blue bits. red rocks.


One need not be a Godless heathen to find fault in Left Behind’s message-delivery system: It’s a fire-and-brimstone sermon wrapped in the tissue of a bad disaster thriller—a criticism that’s dogged the book series since its earliest installments. But this adaptation is so broad, cartoonish, and ineptly made that harping on its theological methods seems like overkill; even diehard devotees of the franchise may crack up when, say, Rayford finally figures out what’s going on by flipping through the personal calendar of one of the departed—and then breaking down into sobs when he finds the words BIBLE STUDY scrawled ominously on an open page. This Left Behind may be worse than the last Left Behind, but it’s much less boring, thanks in part to the commitment of its star, who plays the often ludicrous material with the straightest of faces. The Cage works in mysterious ways. God only knows how they made a worse version of Left Behind

We tried to give the film zero stars, but our tech system won’t allow it. Left Behind

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…what has gone so horribly wrong in [Nicolas] Cage’s career that he is forced to accept any paycheck that comes his way? Elizabeth Weitzman

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People often ask critics what the best movie they’ve seen this year is, which makes for interesting conversations, and then follow up with what the worst movie is. That’s usually tougher to answer. So consider this a thank-you to the makers of “Left Behind” for giving me a solid answer. Cage sleepwalks through terrible ‘Left Behind’

Most of all, you have a story about Commerce undertaking genocide for the sake of natural resource extraction — a story with numerous real-world analogs — broken up by happy talk about how this or that was done in the film, not to mention commercials. Like I said, deeply weird. It would be like watching The Sorrow and the Pity interrupted with commercials for Subway and the Gerber Life program. With any sense of empathy, even for a completely fanciful sci-fi tale, it’s off-putting. The overall presentation spoke to the most witless sensibility. “We interrupt this genocide to bring you … “

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Plus there’s another principle at play here, something as elusive as water running through your hands - it’s the realization that our actions DO have consequences, sometimes ones that reach far beyond our own lifespans, and that’s a very easy thing to forget on a daily basis. Every moment is a chance to change the future - acts of kindness can have effects that we can’t see, ones that could even impact future generations. Meanwhile, crimes or acts of savagery may seem more prevalent, to the point where they become part of the daily grind, essentially background noise, but eventually there comes a tipping point where right-thinking people have had just about enough of that, thanks. And then we create these ripples through our actions that have the potential to resonate for years to come - if we’re doing it right, that is. Honky’s Movie Year: Cloud Atlas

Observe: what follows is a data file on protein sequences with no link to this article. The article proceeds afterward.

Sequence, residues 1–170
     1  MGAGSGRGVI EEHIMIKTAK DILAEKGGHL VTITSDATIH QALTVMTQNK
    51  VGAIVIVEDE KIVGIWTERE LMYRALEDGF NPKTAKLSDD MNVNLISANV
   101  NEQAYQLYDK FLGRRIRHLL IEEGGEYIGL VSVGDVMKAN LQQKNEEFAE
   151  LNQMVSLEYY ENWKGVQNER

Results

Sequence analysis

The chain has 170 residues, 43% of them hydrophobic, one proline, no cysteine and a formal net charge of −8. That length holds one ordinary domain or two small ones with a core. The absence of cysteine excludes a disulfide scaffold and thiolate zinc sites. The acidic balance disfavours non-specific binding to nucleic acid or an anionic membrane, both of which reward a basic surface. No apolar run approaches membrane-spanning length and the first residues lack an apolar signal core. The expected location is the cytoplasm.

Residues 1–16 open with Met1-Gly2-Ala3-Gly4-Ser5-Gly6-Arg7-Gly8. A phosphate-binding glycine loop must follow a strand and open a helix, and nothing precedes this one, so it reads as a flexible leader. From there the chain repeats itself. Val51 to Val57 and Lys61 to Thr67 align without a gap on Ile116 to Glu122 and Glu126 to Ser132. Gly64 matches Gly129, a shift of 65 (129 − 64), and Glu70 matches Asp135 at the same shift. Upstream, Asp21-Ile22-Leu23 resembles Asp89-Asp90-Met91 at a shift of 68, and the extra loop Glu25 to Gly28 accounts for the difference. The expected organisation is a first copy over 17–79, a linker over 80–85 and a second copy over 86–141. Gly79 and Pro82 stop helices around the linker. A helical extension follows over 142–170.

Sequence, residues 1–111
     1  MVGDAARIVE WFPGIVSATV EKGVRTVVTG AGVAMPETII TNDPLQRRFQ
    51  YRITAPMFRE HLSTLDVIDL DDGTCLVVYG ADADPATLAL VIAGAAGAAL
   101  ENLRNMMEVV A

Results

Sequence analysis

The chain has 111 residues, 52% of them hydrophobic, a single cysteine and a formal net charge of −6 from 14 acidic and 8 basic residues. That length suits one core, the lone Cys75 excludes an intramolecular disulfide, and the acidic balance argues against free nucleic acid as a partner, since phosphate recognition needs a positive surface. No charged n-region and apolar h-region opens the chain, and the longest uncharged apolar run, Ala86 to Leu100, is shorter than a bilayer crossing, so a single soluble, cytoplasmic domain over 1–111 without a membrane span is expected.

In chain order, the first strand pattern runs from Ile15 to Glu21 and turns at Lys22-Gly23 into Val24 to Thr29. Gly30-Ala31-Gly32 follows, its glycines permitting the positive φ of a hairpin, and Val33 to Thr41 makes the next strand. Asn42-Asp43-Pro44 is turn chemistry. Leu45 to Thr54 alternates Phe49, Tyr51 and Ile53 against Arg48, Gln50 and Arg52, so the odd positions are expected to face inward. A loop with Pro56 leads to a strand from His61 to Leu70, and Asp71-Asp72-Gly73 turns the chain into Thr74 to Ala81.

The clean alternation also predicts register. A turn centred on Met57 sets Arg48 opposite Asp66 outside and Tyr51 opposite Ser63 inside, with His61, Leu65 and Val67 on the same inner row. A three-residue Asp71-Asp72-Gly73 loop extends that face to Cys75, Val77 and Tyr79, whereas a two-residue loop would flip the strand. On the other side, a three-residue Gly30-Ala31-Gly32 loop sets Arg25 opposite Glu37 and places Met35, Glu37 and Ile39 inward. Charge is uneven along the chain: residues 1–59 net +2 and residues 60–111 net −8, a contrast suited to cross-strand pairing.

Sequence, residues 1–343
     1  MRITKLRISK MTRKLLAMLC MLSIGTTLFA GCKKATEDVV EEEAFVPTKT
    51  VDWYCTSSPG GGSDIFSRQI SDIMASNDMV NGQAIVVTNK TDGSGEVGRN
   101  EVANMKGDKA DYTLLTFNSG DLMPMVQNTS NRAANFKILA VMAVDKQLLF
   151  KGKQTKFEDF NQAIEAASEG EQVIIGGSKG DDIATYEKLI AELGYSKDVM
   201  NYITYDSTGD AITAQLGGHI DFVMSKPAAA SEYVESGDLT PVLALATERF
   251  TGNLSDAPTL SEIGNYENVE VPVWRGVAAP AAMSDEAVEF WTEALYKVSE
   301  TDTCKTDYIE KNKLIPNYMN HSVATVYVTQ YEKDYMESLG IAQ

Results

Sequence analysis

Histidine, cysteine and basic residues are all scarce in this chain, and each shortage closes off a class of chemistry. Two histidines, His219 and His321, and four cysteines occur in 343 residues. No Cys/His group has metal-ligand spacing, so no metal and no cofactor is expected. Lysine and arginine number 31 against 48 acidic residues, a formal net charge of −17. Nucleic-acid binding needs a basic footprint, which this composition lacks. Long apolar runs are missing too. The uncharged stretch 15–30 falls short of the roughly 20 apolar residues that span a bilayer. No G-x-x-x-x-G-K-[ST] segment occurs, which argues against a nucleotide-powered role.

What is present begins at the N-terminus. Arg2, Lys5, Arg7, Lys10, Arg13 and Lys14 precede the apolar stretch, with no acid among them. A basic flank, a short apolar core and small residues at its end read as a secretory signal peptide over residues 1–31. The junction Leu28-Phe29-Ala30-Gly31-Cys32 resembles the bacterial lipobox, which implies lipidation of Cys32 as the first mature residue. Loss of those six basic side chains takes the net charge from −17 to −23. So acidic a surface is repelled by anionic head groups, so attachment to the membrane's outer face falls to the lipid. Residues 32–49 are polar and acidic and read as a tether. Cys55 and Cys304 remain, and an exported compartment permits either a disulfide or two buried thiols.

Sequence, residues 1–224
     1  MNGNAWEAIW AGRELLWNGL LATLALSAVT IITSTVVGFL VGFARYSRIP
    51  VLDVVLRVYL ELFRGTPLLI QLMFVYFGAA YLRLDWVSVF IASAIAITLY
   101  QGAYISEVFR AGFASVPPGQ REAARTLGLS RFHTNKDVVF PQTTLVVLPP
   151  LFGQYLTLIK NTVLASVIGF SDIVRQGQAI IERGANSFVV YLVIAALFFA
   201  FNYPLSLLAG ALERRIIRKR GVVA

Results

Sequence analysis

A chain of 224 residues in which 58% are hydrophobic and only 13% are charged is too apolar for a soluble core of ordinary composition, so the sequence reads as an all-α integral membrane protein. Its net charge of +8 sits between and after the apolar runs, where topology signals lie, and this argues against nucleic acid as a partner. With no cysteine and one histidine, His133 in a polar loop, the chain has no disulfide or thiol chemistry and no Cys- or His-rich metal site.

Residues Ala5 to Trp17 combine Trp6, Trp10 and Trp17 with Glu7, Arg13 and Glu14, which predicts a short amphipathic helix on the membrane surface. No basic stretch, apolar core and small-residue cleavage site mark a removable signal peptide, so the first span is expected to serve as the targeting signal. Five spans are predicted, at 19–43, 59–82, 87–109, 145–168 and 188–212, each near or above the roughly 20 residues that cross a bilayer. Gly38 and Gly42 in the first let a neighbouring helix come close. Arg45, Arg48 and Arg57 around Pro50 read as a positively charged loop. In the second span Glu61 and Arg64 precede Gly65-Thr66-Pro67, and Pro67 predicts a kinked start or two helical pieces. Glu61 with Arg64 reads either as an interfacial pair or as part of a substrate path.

That’s how the movie begins. It’s ridiculous. It’s so painfully ridiculous that I was genuinely shocked and embarrassed as a Christian. The portrait of Professor Radisson is the fanciful product of an overactive evangelical imagination, an imagination too long steeped in fear. It’s a mockery of atheists and other skeptics, who have every justification to be angry at the film. It’s an exaggerated portrait, an unfair portrait, and an outright silly portrait. Philosophy professors do not require their students to sign a statement that God is dead. They would be reprimanded, and a sufficient number of students in the class would have refused — not just our protagonist. With the recent happenings at Cal State and Vanderbilt, there is not much that would shock me about the “benign guardianship” of our liberal elites. But this is dumb — nothing more than an obvious scare tactic in order to portray the professor as villainous as possible and Josh as the great martyr-hero. I was fully expecting Professor Radisson to next instruct the class to write 666 on their foreheads. Review: God’s Not Dead

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Today the movie God’s Not Dead comes out on DVD, and thousands of church leaders will dutifully run out to purchase their copies to show to their churches sometime in the coming weeks. They will enthusiastically watch it and gush about how wonderful the film is and how beautifully it captures their faith. Because movies like this will provide the only depiction of atheism most evangelical Christians have ever seen, these stories are powerful for them. They reinforce all the stereotypes their preachers have passed on to them, and by the end of the movie they will cry and cheer and obey the movie’s instructions to text “God’s Not Dead” to everyone they know. If there’s one thing religion does well, it’s teach people to do as they’re told en masse. What I Learned about Atheists from God’s Not Dead

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